Empowering a community

As a child, Parkside Elementary Principal Dianna Newman moved around a lot. Her father was in the Army. She moved to the United States when she wasn’t quite 5 years old. “I didn’t know any English,” she said. “This was at a time when schools didn’t know what to do with students who had language barriers. My dad sat with me at the kitchen table every day. He labeled everything in our house so I could learn the words. He was my first teacher.”

That experience led Newman to become an educator. “I realize now that my dad was my first teacher,” she said. “Because I had such a valuable experience, it is so important that I now stand in the gap and empower other parents to do the same for their children. The investment my dad made in my with his time and his presence ignited this passion for me to bring it forward and empower others.”

The word ‘empower’ adorns the wall near Newman’s office. “Empowerment is one of the strongest things you can give others,” she said. “You can learn to do the very thing you didn’t think that you could do. And we will celebrate every progress you make.”

Newman opened Parkside as a new school in 2015. She was recently named the Northeast Learning Community Principal of the Year.

“Dianna is a consummate professional educator and principal who goes above and beyond the call of duty for her students, parents and staff,” said Northeast Learning Community Superintendent John Wall. “She is always focused on their needs and she leads with compassion and love. I am amazed at the understanding she has of her school and the instructional challenges she faces daily. She faces these challenges with a smile on her face and the commitment to find positive solutions for students.”

Newman was shocked to receive the recognition. “I still can’t believe my colleagues think of me this way,” she said. “I share this award with my staff. I have an amazing assistant principal and supporting staff. Our goal is to create a place that feels like love when you walk into the building. We want our kids to walk into the building and everyone, from the front office to their teacher, is happy to see them.” 

Newman graduated from Winthrop University and was recruited by CMS. She became a National Board Certified teacher. “That was one of the best professional development opportunities I’ve ever had,” she said. “You learn about the why behind decisions you are making and focus on the craft.”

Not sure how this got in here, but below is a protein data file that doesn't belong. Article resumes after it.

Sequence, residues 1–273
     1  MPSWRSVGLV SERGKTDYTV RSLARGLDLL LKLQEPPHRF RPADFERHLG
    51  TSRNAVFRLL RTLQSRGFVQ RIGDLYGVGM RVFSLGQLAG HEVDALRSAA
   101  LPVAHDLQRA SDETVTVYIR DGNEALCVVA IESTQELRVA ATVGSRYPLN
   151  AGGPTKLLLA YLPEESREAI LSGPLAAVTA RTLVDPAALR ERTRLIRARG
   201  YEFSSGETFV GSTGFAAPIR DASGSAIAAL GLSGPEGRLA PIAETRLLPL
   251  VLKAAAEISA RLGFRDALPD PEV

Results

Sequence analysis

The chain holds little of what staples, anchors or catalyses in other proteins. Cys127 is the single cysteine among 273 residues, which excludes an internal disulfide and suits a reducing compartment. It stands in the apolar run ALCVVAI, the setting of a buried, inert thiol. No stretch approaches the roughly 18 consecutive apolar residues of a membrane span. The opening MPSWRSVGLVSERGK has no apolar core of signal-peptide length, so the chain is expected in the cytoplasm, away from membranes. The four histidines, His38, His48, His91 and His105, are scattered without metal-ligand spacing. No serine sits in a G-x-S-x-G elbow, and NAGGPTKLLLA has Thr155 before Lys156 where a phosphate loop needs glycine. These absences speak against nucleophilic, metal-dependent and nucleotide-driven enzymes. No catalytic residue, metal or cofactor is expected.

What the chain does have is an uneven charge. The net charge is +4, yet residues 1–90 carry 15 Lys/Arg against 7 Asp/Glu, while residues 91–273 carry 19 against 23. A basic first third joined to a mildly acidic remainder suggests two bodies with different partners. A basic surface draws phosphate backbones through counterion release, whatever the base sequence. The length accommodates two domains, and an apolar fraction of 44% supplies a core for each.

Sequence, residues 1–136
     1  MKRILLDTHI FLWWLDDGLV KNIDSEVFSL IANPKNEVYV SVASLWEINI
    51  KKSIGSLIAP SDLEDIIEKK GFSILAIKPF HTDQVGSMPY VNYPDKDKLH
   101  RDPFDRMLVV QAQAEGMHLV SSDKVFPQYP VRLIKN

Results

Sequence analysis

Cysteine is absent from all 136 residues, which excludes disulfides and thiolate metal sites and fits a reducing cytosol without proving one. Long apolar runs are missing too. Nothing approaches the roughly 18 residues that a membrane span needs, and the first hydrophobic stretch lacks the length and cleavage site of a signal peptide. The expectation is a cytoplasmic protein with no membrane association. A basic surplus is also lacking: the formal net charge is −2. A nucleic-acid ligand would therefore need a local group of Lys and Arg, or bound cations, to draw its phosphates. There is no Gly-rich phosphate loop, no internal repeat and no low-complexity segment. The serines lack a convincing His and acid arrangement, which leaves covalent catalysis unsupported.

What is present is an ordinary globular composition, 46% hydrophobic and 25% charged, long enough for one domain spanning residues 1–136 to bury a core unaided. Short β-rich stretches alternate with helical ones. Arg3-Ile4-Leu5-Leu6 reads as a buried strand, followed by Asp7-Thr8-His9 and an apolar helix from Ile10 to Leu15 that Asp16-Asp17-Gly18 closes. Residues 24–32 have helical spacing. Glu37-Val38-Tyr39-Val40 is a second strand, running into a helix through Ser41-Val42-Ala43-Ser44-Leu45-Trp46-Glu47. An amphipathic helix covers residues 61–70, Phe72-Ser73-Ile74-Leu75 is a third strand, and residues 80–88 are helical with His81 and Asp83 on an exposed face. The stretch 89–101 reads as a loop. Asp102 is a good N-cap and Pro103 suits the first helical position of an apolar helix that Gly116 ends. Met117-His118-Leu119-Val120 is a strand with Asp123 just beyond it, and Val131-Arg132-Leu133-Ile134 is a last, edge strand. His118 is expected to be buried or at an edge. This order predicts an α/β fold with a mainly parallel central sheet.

Newman also earned her master’s degree from Gardner-Webb University. Last year, she was accepted into the Relay Graduate School of Education National Principal Academy Fellowship. It was a year-long program that was offered through Success by Design.

Newman started her education career teaching first grade at Devonshire Elementary and also taught at Dilworth Elementary, then became an academic facilitator and then an assistant principal at Mallard Creek Elementary. She was principal at Barnette Elementary until she opened Parkside.

“Part of the challenge of owning a new school is that everyone is coming from a different place,” said Newman. “So we established the Parkside Way and we invited the community to get involved and feel like this is their school. If it takes a village to raise a child, you have to invite the village.”

Newman and her staff have student update meetings, not only with parents but with extended family as well. “We are strengthening the child by strengthening the entire family,” she said. “They can all invest in their students’ success.”

Newman works closely with parents to make sure they have access to the resources they need, just not for their students but for themselves as well. “My dad liked to work on cars in his spare time and he taught me sometimes a hammer isn’t going to do it,” she said. “Sometimes you need a screwdriver and a wrench. We don’t want our parents to feel like there is a deficit or that they aren’t valued. We can help them get the tools they need. We want to empower them to help themselves. It takes time and commitment to families, careful planning and follow through to create new habits and new beginnings.”

Newman’s own family has become a part of her CMS experience as well. “I have an amazing husband that I met when we were 16 years old,” she said. “We have four beautiful children that span from ages 5-22.”

Her oldest son graduated from Hough High. Her 11-year-old attended Barnette and Parkside and is now at Piedmont IB Middle. Her two youngest children are current Parkside students. “That certainly adds another layer of pressure,” said Newman. “I want my kids to have access to the best education possible and they can find that here at Parkside.”